School Days! School Days!
Dear old Golden Rule days!
Reading, and writing and ‘rithmetic!
Called to the tune of a Hickory Stick!
You were my queen in calico!
I was your bashful barefoot beau!
You wrote on my slate, “I love you so!”
When we were a couple of kids!
School started in our area this past week and jogged some memories of my school days.
School days for me would start in August, when the new season’s clothes appeared in the stores – specifically, Rich’s. Mrs. Milligan was the sales associate in the children’s department. We would tell her what we wanted, and then go sit in the fitting room. She would select dresses, blouses, jumpers, socks, undies, slips and other accoutrements. I would try them all on (except the socks and undies), and my Little Gam or my Little Momma would make the final selection. Occasionally everything was sent back and we started over. Most of the time, however, Mrs. Milligan’s taste was perfect, and we selected everything from her selections.
I particularly remember one plaid dress which I abhorred. But back then, one wore what one’s Momma or Grandmomma selected for you without complaint – except I would mutter under my breath about it. I seem to recall that about the 6th time I wore it, I “skinned the cat” on the big bar and managed to catch the hem on a huge nut and bolt and tore out a huge section of the hem and tore a hole in the dress above the hemline. My Little Gam could not repair it. I was smugly but silently pleased about that! Looking back on it, now, however, as I remember it, that plaid was something I would love now! Go figure!
Girls did NOT wear jeans or slacks to school back then! We wore skirts! When it was really cold, however, we wore leggings. Most coats for small girls, and some for taller (older) girls, came with matching leggings. These were not like leotards. They were made of the same material as the coat, sewn into leg-shapes and came down to the ankles with wide elastic bands that went under the feet to keep them from riding up. That meant shedding shoes to remove them. There were zippers up the outer sides from the bottom to the knees, then another zipper on the side (like slacks or a skirt back then). Poor teachers! In the lower grades (K-2), most of us needed some adult help to get out of them! So the first 30 minutes or so of the school day during the winter involved unzipping leggings and getting shoes off and back on. They did keep legs warm, though!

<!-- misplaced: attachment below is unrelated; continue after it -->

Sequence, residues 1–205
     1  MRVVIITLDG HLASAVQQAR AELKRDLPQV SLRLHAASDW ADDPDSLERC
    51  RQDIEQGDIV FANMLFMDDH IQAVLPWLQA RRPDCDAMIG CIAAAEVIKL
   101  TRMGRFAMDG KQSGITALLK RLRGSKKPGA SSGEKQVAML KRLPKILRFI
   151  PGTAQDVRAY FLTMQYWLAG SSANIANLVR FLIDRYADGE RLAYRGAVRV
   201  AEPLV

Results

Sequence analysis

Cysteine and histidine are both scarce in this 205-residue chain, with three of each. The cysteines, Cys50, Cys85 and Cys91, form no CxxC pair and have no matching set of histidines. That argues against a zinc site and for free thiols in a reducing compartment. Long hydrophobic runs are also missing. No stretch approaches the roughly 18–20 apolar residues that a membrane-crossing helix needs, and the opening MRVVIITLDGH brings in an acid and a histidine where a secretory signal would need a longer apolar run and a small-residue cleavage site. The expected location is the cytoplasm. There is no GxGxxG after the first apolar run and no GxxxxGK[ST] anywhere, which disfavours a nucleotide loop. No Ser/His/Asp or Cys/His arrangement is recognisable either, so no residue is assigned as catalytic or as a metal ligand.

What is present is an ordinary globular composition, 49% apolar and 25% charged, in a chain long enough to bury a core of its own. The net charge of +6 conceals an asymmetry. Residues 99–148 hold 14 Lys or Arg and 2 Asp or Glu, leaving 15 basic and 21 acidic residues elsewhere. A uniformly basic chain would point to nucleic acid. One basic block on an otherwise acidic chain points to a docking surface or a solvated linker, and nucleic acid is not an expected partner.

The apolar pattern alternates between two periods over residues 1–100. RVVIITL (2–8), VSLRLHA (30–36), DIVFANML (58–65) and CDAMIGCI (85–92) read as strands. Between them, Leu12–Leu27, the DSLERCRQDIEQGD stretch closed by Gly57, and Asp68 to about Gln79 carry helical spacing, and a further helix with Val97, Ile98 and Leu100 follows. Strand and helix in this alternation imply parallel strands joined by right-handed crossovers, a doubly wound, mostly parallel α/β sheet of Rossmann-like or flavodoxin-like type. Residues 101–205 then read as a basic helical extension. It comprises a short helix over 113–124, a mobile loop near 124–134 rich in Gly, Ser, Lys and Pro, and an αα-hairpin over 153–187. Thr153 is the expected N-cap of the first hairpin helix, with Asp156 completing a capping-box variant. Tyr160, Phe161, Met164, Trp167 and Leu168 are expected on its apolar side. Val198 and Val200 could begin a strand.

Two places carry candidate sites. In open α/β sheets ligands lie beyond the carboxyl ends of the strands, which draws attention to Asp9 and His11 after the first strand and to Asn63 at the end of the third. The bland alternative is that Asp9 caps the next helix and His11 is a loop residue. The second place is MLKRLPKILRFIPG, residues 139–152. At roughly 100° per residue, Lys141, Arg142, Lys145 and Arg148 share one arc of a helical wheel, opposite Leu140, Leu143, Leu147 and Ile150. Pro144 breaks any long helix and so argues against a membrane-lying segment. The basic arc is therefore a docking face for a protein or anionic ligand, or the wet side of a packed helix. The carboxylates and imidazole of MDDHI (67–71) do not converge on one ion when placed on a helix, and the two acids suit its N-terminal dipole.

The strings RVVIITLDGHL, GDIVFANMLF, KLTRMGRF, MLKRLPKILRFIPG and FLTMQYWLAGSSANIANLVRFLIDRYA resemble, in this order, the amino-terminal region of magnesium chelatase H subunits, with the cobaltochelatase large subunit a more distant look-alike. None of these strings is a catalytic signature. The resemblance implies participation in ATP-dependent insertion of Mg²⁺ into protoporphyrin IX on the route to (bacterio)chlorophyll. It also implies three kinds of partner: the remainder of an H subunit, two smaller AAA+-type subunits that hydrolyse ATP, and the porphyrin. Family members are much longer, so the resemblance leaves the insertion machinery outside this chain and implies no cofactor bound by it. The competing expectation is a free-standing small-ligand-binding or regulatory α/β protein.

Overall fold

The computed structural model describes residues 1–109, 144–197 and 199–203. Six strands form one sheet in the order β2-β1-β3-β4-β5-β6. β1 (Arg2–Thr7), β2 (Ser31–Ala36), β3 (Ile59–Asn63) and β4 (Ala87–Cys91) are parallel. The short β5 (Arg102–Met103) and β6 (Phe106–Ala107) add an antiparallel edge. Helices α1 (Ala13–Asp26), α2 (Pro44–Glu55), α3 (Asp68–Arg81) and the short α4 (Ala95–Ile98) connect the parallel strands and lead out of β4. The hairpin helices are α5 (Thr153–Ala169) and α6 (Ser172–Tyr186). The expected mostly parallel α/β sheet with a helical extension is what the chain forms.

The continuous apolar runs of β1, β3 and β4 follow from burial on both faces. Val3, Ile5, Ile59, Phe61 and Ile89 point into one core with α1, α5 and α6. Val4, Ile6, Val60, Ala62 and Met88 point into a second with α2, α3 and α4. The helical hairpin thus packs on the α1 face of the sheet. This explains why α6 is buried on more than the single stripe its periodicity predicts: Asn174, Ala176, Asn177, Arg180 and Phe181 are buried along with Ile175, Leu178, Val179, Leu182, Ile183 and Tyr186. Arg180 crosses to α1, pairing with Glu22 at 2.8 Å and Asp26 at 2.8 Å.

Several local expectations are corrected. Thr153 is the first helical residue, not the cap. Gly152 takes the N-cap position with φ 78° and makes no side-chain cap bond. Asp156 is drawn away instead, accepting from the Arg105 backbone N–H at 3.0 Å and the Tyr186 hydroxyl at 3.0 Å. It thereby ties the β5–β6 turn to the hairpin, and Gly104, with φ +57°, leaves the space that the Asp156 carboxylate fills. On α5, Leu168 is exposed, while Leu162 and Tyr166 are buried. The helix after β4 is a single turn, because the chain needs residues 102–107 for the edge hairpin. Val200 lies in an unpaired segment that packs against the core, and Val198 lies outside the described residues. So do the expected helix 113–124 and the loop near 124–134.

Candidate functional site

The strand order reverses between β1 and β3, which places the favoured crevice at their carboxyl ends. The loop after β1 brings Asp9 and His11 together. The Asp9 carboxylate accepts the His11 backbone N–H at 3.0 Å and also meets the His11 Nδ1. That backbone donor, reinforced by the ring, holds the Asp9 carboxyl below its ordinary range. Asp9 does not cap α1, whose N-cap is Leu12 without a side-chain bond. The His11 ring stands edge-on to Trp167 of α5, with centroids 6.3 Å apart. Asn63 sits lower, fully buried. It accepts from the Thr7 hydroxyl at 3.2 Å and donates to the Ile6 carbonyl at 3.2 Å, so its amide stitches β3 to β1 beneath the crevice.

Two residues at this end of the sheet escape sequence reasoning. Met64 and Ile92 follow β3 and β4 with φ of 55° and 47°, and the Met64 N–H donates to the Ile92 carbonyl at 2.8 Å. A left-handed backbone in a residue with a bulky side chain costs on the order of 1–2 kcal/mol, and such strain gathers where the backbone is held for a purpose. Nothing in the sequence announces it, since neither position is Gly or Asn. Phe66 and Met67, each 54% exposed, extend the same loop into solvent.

My Little Gam often made some of my clothes. She made my undies for years! I always wanted to do that for my daughter, but being a working Mom made that difficult. I didn’t have much time. And by then it really was cheaper to simply purchase them. SIGH!! I had a 12″ doll and she often would make a similar outfit for the doll from the scraps of making my clothes! It gave me a warm feeling when she did that for me! My daughter has that doll and her clothes, now. My granddaughter wasn’t very interested in dolls. Perhaps a great-granddaughter will find this antique remnant of a different day to be of interest. I hope so. I can only trust that it does not get thrown out. Perhaps it can be donated to a doll museum.
School offered hot lunch or you could bring your own. Lunch was 25 cents a week. Momma would tuck my quarter down my sock and into my shoe so I wouldn’t lose it. Later, she knotted it in a handkerchief. Sometimes I had to ask the teacher to undo the knot. I felt really embarrassed to have to ask her to do that.
In the lower grades, I did not bring my lunch. But about 3rd or 4th grade, I started carrying a lunchbox. I cannot remember what pictures were on the sides, but I do remember the thermos would always smell of sour milk by the end of the day! If I forgot it and left it at school overnight or (horrors!) over the weekend, it would take my Little Gam **hours** to clean it! My Little Gam’s afternoons and evenings were full of washing supper dishes and cleaning my lunchbox and thermos. No wonder she decided, after about a year of me carrying lunches, that I would go back to eating hot lunch at school! I continued to buy lunch through high school.
I do not look back on my school days with happy or even contented nostalgia. I hated my school days – except the actual learning that went on. I had few, if any, friends. The non-friends jeered at and tormented me. I was bullied and ostracized. Perhaps in this age, I would turn on my tormentors, but back then, I simply suffered, kept my head down and tried to do my school work.
Even college and graduate schools were no relief from bullying and tormenting. But, being older, they didn’t affect me as much. I had husband and children who provided my basis for strength.
So the old song about “school days, school days, dear old golden rule days,” arouses very mixed feelings. Very mixed, indeed.